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Old December 8 2012, 09:58 PM   #27
publiusr
Commodore
 
Re: Spacex CEO wants to co-build and fund huge Mars colony effort

In the comment section.

In case no one has mentioned it, a private company has announced a moon mission
http://goldenspikecompany.com/

Some interesting quotes from this link:
http://forum.nasaspaceflight.com/ind...opic=30549.105

"I was telling people that "tumblr" site was full of nonsense."
"GS gets a FAIL on mass communications for something so EPIC."


true--didn't make spacedaily yet..

Big "admiration" for NASA noted in closing remarks.

Jeff Foust tweet: "Stern: this would not be possible without our current forward-looking space policy."

“NASA is tackling the very important and difficult challenges of human deep space exploration by developing systems including the Orion spacecraft and Space Launch System. The capabilities being developed by Golden Spike compliment NASA’s deep space exploration program.” said MacCallum.

Maybe he was being diplomatic. Other responses:

"But they really aren't taking advantage of the Falcon Heavy."
"I have a hard time believing a Centaur will ever be integrated with a SpaceX vehicle"

"There's a bunch of others errors in this paper relating to the Dragon. It seems they've gotten no better information out of SpaceX than us amateurs. I think Golden Spike needs to go pay SpaceX for some mission analysis. That's the only way they'll get real numbers on the Falcon Heavy / Dragon capability."


http://cosmiclog.nbcnews.com/_news/2...4-billion?lite

http://www.newspacejournal.com/2012/...ike-questions/
http://forum.nasaspaceflight.com/ind...9264#msg989264
http://www.newspacejournal.com/

At about 1.4 billion...about the price of an SLS. I really don't see the savings...by Grabthar's hammer.

Some more interesting blurbs from the net:

"Even with this “head start” approach, the company will still need
significant amount of money to develop this system: Stern said they
estimate the cost to be $7–8 billion"


"But John Pike, a longtime expert on space policy who heads
GlobalSecurity.org, said he was "deeply skeptical" about Golden Spike's
business plan. "If you could do it this cheap, somebody would have
already done it," he told me.


"Landing pod looks like-Cobra Flight Pods from 1980's G.I. Joe cartoons"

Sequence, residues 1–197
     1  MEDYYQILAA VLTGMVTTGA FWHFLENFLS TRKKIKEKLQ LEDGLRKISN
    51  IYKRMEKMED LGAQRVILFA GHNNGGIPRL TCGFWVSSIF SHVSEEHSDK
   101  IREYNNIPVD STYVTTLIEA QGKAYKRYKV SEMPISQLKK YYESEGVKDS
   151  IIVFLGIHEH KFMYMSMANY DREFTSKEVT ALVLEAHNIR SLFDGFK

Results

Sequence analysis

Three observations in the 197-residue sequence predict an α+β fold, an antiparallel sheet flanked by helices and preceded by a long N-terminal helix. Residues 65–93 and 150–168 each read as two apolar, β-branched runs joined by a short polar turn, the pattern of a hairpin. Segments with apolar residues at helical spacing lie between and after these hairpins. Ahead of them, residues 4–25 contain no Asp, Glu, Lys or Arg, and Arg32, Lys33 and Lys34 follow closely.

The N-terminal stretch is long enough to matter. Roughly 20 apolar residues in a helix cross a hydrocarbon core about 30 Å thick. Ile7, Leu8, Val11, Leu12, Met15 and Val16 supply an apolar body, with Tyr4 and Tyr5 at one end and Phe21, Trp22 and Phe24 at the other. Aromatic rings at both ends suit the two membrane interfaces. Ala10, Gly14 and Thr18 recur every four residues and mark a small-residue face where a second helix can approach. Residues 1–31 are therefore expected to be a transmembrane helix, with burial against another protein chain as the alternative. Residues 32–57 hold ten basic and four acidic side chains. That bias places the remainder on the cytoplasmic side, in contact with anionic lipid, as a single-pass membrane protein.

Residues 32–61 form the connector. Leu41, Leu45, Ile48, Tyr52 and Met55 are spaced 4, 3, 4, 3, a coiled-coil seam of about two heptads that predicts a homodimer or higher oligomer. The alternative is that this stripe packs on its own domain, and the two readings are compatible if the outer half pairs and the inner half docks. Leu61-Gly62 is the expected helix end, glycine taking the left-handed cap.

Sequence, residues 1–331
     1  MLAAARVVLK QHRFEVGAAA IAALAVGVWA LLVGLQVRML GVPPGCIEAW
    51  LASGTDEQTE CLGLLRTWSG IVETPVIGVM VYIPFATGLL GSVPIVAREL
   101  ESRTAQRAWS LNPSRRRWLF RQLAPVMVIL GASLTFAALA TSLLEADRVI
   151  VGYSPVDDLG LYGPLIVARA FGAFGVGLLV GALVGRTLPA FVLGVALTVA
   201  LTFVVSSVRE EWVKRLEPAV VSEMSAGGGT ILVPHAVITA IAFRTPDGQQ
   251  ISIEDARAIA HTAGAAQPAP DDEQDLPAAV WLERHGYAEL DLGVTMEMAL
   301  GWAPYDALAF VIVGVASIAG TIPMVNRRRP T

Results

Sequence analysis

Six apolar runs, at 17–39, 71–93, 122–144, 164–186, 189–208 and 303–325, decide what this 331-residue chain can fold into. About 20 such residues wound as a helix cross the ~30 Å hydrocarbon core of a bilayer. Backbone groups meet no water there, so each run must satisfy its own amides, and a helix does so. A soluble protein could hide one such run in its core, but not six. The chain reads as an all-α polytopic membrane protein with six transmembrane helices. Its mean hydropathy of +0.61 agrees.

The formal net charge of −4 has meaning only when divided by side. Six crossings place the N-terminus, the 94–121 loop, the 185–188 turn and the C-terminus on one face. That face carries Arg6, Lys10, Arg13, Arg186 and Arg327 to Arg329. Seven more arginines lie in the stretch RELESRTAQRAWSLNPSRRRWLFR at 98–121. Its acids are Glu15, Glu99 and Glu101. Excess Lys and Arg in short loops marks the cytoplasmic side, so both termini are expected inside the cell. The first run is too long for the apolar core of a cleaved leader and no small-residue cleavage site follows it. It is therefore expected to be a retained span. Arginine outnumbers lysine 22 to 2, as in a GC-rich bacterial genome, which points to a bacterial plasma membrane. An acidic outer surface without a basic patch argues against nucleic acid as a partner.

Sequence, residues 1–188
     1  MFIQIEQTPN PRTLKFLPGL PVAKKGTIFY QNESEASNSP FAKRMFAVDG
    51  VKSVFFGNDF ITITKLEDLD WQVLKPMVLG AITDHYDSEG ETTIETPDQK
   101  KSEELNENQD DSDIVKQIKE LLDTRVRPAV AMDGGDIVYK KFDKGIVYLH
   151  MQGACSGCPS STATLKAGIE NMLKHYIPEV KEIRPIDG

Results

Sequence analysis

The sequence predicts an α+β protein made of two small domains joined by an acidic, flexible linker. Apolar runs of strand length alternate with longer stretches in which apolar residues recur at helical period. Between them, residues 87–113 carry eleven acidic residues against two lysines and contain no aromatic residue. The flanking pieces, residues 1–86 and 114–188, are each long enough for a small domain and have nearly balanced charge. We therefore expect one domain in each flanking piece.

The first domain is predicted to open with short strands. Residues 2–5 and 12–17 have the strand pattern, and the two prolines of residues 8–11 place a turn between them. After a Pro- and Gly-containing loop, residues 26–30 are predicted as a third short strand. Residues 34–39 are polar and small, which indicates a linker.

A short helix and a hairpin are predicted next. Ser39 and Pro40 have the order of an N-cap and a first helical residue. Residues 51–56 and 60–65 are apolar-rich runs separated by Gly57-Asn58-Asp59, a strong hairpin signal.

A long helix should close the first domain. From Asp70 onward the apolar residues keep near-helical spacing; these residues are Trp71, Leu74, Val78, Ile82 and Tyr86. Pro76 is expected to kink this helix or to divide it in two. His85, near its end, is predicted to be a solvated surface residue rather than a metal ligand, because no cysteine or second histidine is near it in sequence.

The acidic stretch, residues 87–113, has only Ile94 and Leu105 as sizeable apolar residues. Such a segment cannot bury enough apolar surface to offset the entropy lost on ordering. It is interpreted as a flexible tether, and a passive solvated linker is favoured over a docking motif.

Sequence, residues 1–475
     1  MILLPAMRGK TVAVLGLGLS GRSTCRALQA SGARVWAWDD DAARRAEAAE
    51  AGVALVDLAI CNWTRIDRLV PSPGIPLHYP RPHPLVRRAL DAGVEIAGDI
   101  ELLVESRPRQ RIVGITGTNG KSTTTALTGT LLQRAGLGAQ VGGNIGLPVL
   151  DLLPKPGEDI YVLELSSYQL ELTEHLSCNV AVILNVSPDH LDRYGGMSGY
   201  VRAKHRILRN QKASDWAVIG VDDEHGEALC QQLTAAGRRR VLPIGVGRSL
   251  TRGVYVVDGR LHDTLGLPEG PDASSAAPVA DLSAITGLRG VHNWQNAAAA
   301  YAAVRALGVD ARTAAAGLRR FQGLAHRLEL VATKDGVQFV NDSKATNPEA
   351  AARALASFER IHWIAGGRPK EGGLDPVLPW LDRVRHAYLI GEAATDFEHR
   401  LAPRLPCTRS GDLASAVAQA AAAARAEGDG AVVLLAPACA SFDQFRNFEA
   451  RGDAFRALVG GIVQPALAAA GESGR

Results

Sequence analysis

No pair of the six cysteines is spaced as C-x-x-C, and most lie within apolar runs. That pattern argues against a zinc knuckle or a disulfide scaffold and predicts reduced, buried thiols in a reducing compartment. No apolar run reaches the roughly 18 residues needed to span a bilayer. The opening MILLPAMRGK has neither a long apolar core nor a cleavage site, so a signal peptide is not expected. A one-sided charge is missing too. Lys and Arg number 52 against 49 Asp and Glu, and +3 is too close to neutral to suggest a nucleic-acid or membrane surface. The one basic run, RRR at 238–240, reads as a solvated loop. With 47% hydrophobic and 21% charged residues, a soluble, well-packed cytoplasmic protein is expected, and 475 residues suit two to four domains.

"Except that the development cost is far more than $1.5 billion. Stern was clear that it would require multiple billions to get to the first mission. So your first 50 kilograms might cost $8 billion, and your second 50 kilograms might cost only $1.5 billion, or $9.5 billion for 100 kilograms. Hard to see how that is a bargain."

"And why does anybody believe these numbers? I listened carefully and never heard anybody state who did their cost estimates. Were they done by an independent assessment team that has a reputation for producing accurate cost estimates?"

This is why heavy lift matters. Had Apollo--or Constellation--been allowed to continue, you could have had real infrastructure to allow for a true moonbase with sizable rovers and an ability to DO WORK. One way or another, BEO is going to cost billions--so you might as well spend a bit more, preserve infrastructure here, and have real capabilities out there.

Apollo allowed for a pretty good haul of moon rocks that were selected in situ and by hand no less. The LEM, already pushing it mass constraint wise, was a tank compared to this contraption. A thimble too much of regolith and you're not coming back. The LEM allowed a lander which covered more ground faster than any robotic rover before or since.

GS is basically asking for its astronauts to dance barefoot atop a razor blade over the Pit... that's the margin you are talking about here.

What they are selling as their plan's biggest strength is actually a weakness. No new LV capability that will allow simpler, more robust missions farther afield like SLS for comparable amounts of money.

Therefore GS's plan is more "Flags and Footprints" than Apollo itself was--because that's all the blasted thing will hold. In retrospect--Apollo allowed more real science than GS affords.

Were I a very wealthy investor, I would launch a Bigelow module to ISS, try to inherit that for a song--and put the other 6 billion into MCT and Skylon development.

Remember, the big arguement against SLS was that it was too expensive--and an alternative could be found. Well, here it is--and many folks seem to take a dim view of that and question its savings too.
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